Six years after the abduction of 276 schoolgirls by Boko Haram militants in Nigeria resulted in a global campaign demanding “Bring our girls back”, a new campaign has started gaining traction seeking “Bring back our boys”.
It started after over 300 schoolboys were abducted again by Boko Haram militants on Monday from a secondary school in Kankara in Nigeria’s northwestern Katsina state. The boys were kidnapped to punish them for “un-Islamic practices.”
According to local officials, 333 of the school’s 800 students are missing, a number that could mark the largest mass kidnapping of school students in history.
American drone and Nigerian surveillance aircraft have been dispatched over the extensive forest where survivors say the captors forced them to march.
The Wall Street Journal quoted 17-year-old Usama Male, a student who managed to escape, as saying the abduction began just after 10pm on Friday.
Male said the students after being abducted were forced to march into the forest. After almost two days of walking in a hundreds-strong column with no food and little water, he was one of the lucky few who managed to escape.
“They said they would kill whoever tried to flee but I positioned myself near the back and waited for a chance to run. Hundreds of my fellow pupils are still in captivity somewhere in the forest.”
Boko Haram leader and Africa’s most-wanted terrorist Abubakar Shekau claimed responsibility for the incident: “I am Abubakar Shekau and our brothers are behind the kidnapping in Katsina… What happened in Katsina was done to promote Islam. Western education is not the type of education permitted by Allah and his holy Prophet.”
Though he gave no figures on the number of boys abducted in Kankara, the abduction appears to be larger than the group 2014 kidnapping of schoolgirls from Chinok.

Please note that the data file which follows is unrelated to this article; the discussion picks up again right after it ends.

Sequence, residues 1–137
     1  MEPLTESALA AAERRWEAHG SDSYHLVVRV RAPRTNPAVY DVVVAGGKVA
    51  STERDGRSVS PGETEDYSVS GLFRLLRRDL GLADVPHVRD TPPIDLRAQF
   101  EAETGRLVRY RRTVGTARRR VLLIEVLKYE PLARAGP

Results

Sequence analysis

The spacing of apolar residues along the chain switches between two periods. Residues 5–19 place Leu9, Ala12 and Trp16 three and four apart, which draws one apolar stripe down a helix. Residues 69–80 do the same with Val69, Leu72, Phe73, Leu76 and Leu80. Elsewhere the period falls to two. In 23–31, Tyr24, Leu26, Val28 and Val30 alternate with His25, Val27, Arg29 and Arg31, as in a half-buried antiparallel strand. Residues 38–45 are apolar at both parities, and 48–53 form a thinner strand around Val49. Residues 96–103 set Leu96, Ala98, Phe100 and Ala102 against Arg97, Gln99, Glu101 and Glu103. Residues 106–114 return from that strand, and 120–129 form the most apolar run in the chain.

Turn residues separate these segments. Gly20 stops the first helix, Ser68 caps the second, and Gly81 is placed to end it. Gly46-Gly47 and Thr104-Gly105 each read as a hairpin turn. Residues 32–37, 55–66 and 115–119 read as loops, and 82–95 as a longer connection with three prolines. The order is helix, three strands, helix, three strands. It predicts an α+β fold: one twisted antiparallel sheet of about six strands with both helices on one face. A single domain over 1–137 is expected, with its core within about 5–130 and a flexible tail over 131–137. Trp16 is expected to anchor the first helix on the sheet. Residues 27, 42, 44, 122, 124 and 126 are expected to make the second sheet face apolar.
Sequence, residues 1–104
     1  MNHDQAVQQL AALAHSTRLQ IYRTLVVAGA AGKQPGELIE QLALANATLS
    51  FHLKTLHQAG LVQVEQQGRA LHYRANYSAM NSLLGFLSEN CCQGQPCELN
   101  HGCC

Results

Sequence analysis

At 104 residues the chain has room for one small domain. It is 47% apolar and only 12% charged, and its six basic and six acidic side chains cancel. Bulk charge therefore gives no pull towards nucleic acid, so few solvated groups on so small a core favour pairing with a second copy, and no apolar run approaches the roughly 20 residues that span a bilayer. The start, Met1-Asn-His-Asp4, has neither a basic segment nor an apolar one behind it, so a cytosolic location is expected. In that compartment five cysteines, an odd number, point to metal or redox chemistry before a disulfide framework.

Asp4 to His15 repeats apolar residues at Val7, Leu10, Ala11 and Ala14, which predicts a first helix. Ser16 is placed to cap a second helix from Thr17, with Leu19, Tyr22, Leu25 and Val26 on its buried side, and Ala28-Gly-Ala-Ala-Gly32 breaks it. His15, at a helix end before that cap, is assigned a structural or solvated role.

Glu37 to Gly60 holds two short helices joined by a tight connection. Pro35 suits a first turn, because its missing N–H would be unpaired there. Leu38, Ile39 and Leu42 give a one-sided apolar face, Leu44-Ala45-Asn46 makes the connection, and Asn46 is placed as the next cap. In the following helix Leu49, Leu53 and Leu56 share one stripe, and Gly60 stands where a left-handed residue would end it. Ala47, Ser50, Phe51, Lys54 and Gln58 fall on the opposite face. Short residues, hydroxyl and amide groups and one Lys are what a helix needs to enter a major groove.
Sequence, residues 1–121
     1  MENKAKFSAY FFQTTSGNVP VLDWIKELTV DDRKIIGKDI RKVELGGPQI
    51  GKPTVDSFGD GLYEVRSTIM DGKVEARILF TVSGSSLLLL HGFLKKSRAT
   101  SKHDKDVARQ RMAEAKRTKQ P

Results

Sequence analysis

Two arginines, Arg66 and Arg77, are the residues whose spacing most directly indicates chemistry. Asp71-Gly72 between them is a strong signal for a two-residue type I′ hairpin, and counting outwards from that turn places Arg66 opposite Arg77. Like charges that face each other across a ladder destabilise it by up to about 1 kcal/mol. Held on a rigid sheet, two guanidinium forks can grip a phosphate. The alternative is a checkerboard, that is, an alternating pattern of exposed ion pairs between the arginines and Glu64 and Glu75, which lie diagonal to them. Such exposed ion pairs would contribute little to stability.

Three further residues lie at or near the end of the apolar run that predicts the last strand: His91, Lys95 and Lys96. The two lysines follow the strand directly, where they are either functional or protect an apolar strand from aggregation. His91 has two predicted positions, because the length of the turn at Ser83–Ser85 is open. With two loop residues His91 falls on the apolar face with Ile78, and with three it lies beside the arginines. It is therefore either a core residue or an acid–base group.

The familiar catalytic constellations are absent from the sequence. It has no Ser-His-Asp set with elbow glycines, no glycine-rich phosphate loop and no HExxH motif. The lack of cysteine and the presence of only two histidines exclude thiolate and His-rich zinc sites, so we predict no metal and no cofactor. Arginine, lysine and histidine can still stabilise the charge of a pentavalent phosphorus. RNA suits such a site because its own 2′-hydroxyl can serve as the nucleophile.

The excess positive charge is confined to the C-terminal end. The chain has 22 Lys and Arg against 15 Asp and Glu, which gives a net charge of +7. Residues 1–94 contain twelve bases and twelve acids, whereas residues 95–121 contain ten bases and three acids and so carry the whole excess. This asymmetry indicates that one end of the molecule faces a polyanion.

Bring back our girls
On April 14, 2014, Boko Haram militants targeted a government secondary boarding school in Chibok, Borno state, where hundreds of girls from surrounding areas had gone to take their exams.
The gunmen after arriving in the town late at night headed to the school and raided the dormitories and took away 276 girls. Some managed to escape by jumping off the lorries and running into bushes. Yet, 219 girls were taken away.
Those who managed to escape said the militants were against the girls going to school because of their opposition to western education.
The abduction resulted in a global campaign, with the world unitedly saying “bring back our girls”.
However, for two years, nothing was known about the 219 girls. Then in May 2016, one girl was found with a child. Two more escaped in September 2016 and January 2017.
In October 2016, 21 girls were released by the group following negotiations with the government. Reportedly, Boko Haram prisoners were freed in exchange.
Then in May 2017, another 82 were freed. However, 113 girls still remain unaccounted for.
Both the attacks sparked fear and anger among the largely poor and rural region close to Nigeria’s border with Niger. Targeting young students is the group’s way of attracting global attention to a conflict that rarely tops media coverage outside of the country.